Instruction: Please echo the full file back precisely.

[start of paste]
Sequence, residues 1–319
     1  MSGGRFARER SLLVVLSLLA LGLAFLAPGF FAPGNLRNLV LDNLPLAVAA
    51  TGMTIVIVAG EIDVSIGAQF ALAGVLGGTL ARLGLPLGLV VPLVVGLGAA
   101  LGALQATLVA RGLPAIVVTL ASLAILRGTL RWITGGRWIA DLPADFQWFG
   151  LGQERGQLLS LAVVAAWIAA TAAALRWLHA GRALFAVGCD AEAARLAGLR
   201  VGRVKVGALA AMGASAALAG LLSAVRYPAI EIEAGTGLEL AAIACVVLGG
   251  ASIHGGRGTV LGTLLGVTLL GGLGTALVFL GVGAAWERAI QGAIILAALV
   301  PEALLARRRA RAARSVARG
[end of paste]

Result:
Sequence, residues 1–319
     1  MSGGRFARER SLLVVLSLLA LGLAFLAPGF FAPGNLRNLV LDNLPLAVAA
    51  TGMTIVIVAG EIDVSIGAQF ALAGVLGGTL ARLGLPLGLV VPLVVGLGAA
   101  LGALQATLVA RGLPAIVVTL ASLAILRGTL RWITGGRWIA DLPADFQWFG
   151  LGQERGQLLS LAVVAAWIAA TAAALRWLHA GRALFAVGCD AEAARLAGLR
   201  VGRVKVGALA AMGASAALAG LLSAVRYPAI EIEAGTGLEL AAIACVVLGG
   251  ASIHGGRGTV LGTLLGVTLL GGLGTALVFL GVGAAWERAI QGAIILAALV
   301  PEALLARRRA RAARSVARG